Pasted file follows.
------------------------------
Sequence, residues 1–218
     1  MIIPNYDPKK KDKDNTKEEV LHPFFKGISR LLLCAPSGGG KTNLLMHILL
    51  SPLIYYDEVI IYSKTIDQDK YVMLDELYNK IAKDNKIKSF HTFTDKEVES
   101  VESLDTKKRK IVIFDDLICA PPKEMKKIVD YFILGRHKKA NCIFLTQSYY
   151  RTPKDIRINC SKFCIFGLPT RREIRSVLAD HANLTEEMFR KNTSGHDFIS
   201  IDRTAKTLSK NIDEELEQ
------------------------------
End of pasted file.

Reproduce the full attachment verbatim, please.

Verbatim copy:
Sequence, residues 1–218
     1  MIIPNYDPKK KDKDNTKEEV LHPFFKGISR LLLCAPSGGG KTNLLMHILL
    51  SPLIYYDEVI IYSKTIDQDK YVMLDELYNK IAKDNKIKSF HTFTDKEVES
   101  VESLDTKKRK IVIFDDLICA PPKEMKKIVD YFILGRHKKA NCIFLTQSYY
   151  RTPKDIRINC SKFCIFGLPT RREIRSVLAD HANLTEEMFR KNTSGHDFIS
   201  IDRTAKTLSK NIDEELEQ